Nigerian judge denies separatist leader Kanu bail for the second time

Nnamdi Kanu
Indigenous People of Biafra (IPOB) leader Nnamdi Kanu is seen at the Federal high court Abuja, Nigeria January 20, 2016. He was released on bail over a year after this picture was taken due to health concerns. Afolabi Sotunde/Reuters
A Nigerian judge denied separatist leader Nnamdi Kanu bail for the second time in two months on Monday and also dismissed his application to be moved to prison from custody of the Department of State Services (DSS), a security agency.
Kanu, a British citizen who leads the banned Indigenous People of Biafra (IPOB) movement, was first arrested in 2015 but disappeared from Nigeria while on bail in 2017.
He was subsequently arrested in Kenya in 2021 and charged in Nigeria with seven counts of terrorism. Kanu has pleaded not guilty.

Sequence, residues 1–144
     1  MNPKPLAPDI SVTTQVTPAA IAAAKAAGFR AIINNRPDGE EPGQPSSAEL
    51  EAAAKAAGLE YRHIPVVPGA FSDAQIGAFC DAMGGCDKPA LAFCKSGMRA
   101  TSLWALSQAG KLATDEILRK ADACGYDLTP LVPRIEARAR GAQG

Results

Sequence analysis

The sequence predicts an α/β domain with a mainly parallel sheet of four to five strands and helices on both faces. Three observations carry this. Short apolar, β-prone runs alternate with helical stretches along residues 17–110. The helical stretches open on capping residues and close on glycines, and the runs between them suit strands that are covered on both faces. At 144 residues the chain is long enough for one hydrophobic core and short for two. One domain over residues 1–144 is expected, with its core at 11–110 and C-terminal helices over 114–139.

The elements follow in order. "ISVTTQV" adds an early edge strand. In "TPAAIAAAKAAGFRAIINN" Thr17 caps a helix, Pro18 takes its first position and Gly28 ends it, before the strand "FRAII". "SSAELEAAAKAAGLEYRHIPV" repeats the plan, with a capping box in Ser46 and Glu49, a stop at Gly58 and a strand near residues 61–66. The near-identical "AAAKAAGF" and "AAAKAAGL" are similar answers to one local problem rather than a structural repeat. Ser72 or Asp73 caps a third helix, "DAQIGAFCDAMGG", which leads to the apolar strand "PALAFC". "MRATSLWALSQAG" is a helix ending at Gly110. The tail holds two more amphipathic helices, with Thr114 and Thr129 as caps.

Kanu denied breaching his 2017 bail terms, saying he escaped for his life after soldiers invaded his ancestral home in the southern Nigerian state of Abia.
Judge Binta Murtala Nyako, who denied Kanu bail in March, said she found out as a fact that Kanu jumped bail granted him in 2017. “You have an option of appeal. Please exercise your right of appeal,” the judge said.
However, in a dramatic reaction in court on Monday, Kanu yelled out that he would not stand trial in any Nigerian court after his bail request was denied.
Kanu’s IPOB campaigns for the secession of southeastern Nigeria where the majority belong to the Igbo ethnic group. Nigerian authorities have labelled IPOB a terrorist organization.
An attempt by the region to secede as the Republic of Biafra in 1967, the year Kanu was born, triggered a three-year civil war that killed more than 1 million people.